Geophysical Research Letters
Wiley-Blackwell Publishing, Inc.
Warming and thawing in the Arctic are promoting biogeochemical processing and hydrologic transport in carbon‐rich permafrost and soils that transfer carbon to surface waters or the atmosphere. Hydrologic and biogeochemical impacts of thawing are challenging to predict with sparse information on arctic soil hydraulic and thermal properties. We developed empirical and statistical models of soil properties for three main strata in the shallow, seasonally thawed soils above permafrost in a study area of ~7,500 km2 in Alaska. The models show that soil vertical stratification and hydraulic properties are predictable based on vegetation cover and slope. We also show that the distinct hydraulic and thermal properties of each soil stratum can be predicted solely from bulk density. These findings fill the gap for a sparsely mapped region of the Arctic and enable regional interpolation of soil properties critical for determining future hydrologic responses and the fate of carbon in thawing permafrost.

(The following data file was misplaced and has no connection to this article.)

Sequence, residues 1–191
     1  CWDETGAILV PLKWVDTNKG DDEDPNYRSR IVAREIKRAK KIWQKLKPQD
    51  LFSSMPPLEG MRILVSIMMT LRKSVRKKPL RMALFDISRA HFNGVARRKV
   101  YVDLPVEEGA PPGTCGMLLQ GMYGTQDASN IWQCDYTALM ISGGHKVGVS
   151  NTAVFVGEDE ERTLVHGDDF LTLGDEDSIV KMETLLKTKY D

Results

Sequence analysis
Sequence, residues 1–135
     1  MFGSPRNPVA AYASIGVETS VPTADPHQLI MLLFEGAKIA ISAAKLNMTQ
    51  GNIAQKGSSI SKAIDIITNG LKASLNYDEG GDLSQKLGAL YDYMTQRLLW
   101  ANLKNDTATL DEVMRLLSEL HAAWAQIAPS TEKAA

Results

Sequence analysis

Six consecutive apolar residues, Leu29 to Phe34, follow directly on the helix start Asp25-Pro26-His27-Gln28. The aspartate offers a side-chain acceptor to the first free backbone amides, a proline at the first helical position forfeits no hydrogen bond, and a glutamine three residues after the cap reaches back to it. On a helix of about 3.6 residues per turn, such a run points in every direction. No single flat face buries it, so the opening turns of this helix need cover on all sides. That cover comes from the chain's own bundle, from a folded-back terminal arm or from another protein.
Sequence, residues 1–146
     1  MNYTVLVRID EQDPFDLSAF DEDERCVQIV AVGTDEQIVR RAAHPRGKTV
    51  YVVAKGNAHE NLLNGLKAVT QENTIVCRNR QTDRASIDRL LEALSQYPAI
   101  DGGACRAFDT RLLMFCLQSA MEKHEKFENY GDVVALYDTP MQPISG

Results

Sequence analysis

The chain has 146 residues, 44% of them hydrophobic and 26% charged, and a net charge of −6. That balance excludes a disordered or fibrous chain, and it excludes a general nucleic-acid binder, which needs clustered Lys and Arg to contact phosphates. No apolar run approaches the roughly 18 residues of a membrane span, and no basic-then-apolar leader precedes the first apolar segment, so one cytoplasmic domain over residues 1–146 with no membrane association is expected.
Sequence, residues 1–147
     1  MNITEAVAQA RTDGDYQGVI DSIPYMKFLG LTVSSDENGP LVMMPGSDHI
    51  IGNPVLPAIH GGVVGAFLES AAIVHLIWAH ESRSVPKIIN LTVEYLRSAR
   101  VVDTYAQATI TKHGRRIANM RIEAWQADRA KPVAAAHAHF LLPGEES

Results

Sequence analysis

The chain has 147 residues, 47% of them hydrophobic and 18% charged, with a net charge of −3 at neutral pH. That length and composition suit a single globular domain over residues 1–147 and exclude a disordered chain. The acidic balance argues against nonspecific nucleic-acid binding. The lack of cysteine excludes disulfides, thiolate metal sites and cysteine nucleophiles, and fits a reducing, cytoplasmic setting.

O'Connor, M. T., Cardenas, M. B., Ferencz, S. B., Wu, Y., Neilson, B. T., Chen, J., & Kling, G. W. ( 2020). Empirical models for predicting water and heat flow properties of permafrost soils. Geophysical Research Letters, 47, e2020GL087646. https://doi.org/10.1029/2020GL087646
Available for download on Monday, November 16, 2020